STORY CRAFT offers understanding and insight into the tradition, practice and art of Story and storytelling, ranging from the nature of the story writer and why we need and tell stories, to the nuts-and-bolts of story structure and day-to-day writing techniques.
STORY CRAFT is divided into six parts: THINKING STORY, examining the intentions and psychology of Story, plus why human beings are drawn to narrative and fiction; PLOT AND CHARACTER, covering the structural nature of Story, the essential elements of a plot and the building and creation of characters; WRITING SKILLS, addressing areas of Story expertise such as exposition, description, dialogue and sub-text; NARRATIVE DESIGN, examining how the tale is told, who is narrating it and why they’re telling it that mode; ENHANCING THE TALE, understanding the many devices and methods writers have at their disposal in developing a story to its full potential., plus CINEMATIC STORYTELLING, looking at the unique contribution that cinema has made in the way Story can be presented.
Each section is divided up into ‘umbrella’ chapters encompassing key subjects such as First Person Narration, The Inciting Incident, The Human Processing of Story, Turning Points, Story Shapes, Archetypes and so on. These chapter are then spit up into specific headings focusing in detail on topics such as The Red Herring, The Epistolary Tale, Back Story, Symbolism, Catharsis, the ‘MacGuffin’, Meta-fiction, In Medias Res, Ticking Clocks, Escapism, Character Building Blocks and Set-ups and Pay-offs. And it’s here that you’ll find pretty much everything you need to know about understanding and create Story.
STORY CRAFT aims not only to be a practical guide for novelists, playwrights and screenwriters, but also an insight into how a narrative works for all students of Story and the everyday reader or audience. And for this reason STORY CRAFT endeavours to simplify and de-mystify some of the complex jargon that often accompanies narrative theory.
The intention of STORY CRAFT is always to be descriptive rather than prescriptive. Yes, there are Story Rules, and there’s a reason behind every code and conventions, but often too there’s an exception as to why that Story Rule can and should be challenged. And that’s why there are so many quotes from industry professionals and practitioners on every page. Sometimes these can be contradictory, but that’s the point – as Granny says in THE SWIDGERS, ‘Rules are like piecrusts, they’re there to be broken!’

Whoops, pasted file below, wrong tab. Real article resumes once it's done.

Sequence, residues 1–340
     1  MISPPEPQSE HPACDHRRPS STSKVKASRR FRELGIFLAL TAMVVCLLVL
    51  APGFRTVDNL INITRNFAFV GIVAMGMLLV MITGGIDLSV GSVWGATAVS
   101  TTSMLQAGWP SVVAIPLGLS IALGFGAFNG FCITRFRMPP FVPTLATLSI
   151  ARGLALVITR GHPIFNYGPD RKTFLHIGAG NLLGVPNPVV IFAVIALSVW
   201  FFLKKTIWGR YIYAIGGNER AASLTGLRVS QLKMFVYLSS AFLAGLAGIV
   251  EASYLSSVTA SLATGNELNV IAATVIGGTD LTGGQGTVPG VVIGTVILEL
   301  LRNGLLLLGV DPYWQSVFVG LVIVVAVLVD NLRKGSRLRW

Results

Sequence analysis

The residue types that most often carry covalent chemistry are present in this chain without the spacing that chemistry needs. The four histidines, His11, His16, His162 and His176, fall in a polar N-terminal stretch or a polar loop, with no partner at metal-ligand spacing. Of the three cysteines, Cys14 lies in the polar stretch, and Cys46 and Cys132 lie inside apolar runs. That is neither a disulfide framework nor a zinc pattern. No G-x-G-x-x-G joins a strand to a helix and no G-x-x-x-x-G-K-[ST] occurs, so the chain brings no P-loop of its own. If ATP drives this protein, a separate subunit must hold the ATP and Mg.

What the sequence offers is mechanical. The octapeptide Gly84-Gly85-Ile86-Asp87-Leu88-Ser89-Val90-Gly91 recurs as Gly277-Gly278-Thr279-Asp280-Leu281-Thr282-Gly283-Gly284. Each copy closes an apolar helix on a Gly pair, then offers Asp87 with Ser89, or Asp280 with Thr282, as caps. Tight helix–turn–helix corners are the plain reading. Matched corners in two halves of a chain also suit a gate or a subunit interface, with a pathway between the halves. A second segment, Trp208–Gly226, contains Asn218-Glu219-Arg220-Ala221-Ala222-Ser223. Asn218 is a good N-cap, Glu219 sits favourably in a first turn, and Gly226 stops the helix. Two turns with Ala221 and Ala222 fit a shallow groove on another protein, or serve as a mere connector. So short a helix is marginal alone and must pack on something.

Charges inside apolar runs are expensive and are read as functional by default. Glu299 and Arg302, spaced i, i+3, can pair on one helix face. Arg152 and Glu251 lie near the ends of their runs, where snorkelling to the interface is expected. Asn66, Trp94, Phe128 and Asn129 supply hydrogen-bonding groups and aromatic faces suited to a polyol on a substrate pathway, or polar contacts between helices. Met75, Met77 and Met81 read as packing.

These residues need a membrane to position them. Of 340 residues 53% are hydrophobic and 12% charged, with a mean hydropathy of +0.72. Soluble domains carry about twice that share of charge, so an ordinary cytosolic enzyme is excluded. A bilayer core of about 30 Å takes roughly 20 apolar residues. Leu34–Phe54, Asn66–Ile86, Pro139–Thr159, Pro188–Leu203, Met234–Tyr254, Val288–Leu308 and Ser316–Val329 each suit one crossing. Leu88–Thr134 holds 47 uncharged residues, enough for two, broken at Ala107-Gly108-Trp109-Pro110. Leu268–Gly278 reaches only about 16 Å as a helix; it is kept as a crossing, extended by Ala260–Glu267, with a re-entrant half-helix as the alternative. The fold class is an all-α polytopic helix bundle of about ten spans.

STORY CRAFT is more a curator of ideas about Story than a theorist peddling their model of how a tale should be told. The purpose of STORY CRAFT is to offer an understanding as to method and means, but the how and the why of your particular tale is down to the individual writer and creator. What these notes essentially say is, ‘Look, here are the tools for your tale, but what you build, and the way to build it, well, that’s up to you.’ And as soon those points are decided, well, then it’s time for you to say, “Once upon a Story…”
"It’s not the notes that make music, it’s what the composer turns them into."
Ennio Morricone, film composer
"Plot exists so the character can discover for himself (and in the process revealed to the reader) what he, the character, is really like: plot forces the character to choice and action, transforms him from a static construct to a lifelike human being making choices and paying for them or reaping the rewards."
John Gardner, ON BECOMING A NOVELIST (1983)
PLOT AND CHARACTER is, by its very title, fairly self-explanatory. Its chapters, as you might expect, examine what it takes to create and structure a plot, plus how to develop and design characters. The plot sections look at the essential requirements of a plot, namely the catalyst event, the inciting incident, causality, action/plan, protagonist/antagonist plus crisis and climax. There are also chapters on open and closed endings, anti-climax, deus ex machina and resolutions. The making of character chapters considers, traits, habits, attitudes, status, duality, archetypes, and the four levels of conflict in developing a character. But there are questions too, and the big one is: Which takes priority, plot or character?
"Whereas life separates meaning from emotion, art unites them. Story is an instrument by which you create such epiphanies at will, the phenomenon known as aesthetic emotion... Life on its own, without art to shape it, leaves you in confusion and chaos, but aesthetic emotion harmonises what you know with what you feel to give you a heightened awareness and a sureness of your place in reality."